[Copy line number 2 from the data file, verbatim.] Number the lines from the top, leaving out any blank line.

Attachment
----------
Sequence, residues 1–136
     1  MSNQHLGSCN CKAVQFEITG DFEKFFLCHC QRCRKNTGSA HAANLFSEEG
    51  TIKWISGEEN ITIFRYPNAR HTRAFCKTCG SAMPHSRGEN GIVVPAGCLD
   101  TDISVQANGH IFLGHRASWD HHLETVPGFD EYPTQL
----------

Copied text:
     1  MSNQHLGSCN CKAVQFEITG DFEKFFLCHC QRCRKNTGSA HAANLFSEEG